I'm a newbie learning Random Forest.

When I use this method to predict my outcome and check with the same data set (training set), I see that the model fits almost perfectly the data. But when I check with the test set, I obtain the good TPR (True Positive Ratio ~ 99%) but very bad FPR (False Positive Ratio ~ 64%).

Confusion table

What is the reason here? And what is the model-building strategies for Random Forest?

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    $\begingroup$ This is not unique to Random Forests, and I think you'll benefit in this and future projects from looking at why you have training and test sets and what "overfitting" means. $\endgroup$ – Wayne Jan 30 '17 at 22:57

Many default implementations of Random Forests (such as in scikit-learn) build decision trees that are very deep, which means that splits will continue to occur until only a single observation is in each terminal node (or until all the observations in a node have the same label).

To predict using a deep decision tree, an observation is sent down the tree and the average value of the training observations that created the terminal node is the value predicted by the tree.

When you use the model to predict an observation that was in your training data set, then the observation will land in the same terminal node it made when creating the tree. Because it is a deep tree, the average value of this terminal node is the same value of the training observation and your prediction will be perfect.

A Random Forest is simply a collection of deep decision trees. If bootstrap sampling were not used to create each tree, then a Random Forest would perfectly predict each training observation (because each tree would have used each observation and each individual tree would perfectly predict each observation).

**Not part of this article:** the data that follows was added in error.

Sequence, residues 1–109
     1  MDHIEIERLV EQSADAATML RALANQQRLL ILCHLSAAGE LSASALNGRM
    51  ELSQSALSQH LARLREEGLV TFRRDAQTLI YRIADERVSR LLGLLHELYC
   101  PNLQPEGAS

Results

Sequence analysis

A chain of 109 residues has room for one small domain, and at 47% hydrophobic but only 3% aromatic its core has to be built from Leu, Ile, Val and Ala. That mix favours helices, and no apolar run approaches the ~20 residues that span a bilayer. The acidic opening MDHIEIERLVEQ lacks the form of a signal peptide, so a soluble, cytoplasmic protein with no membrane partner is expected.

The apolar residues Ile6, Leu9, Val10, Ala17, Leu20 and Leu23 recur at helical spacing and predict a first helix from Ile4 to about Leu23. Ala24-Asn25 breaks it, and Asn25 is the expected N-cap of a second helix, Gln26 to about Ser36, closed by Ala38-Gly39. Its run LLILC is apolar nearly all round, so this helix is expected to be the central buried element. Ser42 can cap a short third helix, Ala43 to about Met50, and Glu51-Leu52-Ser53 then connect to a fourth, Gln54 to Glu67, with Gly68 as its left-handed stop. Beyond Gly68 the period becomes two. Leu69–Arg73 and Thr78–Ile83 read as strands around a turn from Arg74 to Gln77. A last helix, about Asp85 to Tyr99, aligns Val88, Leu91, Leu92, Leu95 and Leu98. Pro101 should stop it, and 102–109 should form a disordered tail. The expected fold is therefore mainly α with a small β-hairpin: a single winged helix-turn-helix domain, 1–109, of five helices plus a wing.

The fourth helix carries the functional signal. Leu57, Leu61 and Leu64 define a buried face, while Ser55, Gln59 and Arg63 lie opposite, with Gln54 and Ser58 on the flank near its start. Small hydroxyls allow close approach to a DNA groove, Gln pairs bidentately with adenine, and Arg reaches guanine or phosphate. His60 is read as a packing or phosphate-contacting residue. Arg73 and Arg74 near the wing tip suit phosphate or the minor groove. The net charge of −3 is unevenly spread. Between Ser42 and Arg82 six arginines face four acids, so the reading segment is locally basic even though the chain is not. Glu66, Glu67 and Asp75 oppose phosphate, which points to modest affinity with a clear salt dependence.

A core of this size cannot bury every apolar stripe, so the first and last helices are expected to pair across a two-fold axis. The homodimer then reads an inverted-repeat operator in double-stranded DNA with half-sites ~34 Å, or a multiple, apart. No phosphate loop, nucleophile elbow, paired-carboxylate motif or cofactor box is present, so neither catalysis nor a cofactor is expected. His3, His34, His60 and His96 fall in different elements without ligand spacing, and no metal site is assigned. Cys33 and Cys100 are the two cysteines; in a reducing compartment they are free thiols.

Because of bootstrap sampling, about 2/3 of the observations are used to build each tree, which means that a majority of your trees will perfectly predict the correct labels. Because the final prediction is based on a majority vote, you can expect the final prediction to be correct each time as well.

A possible reason the predictions might not be exactly perfect is because due to the random nature of the bootstrap sample, some observations could be used in less than half of the trees and the other trees predict the incorrect class.

My advice: Don't even consider the training accuracy when using decision trees. Only consider out of sample (or out of bag) predictions.

The reason for the imbalance of TPR and FPR is based on what split point you used in your final prediction. Don't predict the class label. Instead predict the probability of the class belonging to a label (.predict_proba in scikit-learn). Then, you can choose a split point that leads to the TPR/FPR ratio you want.

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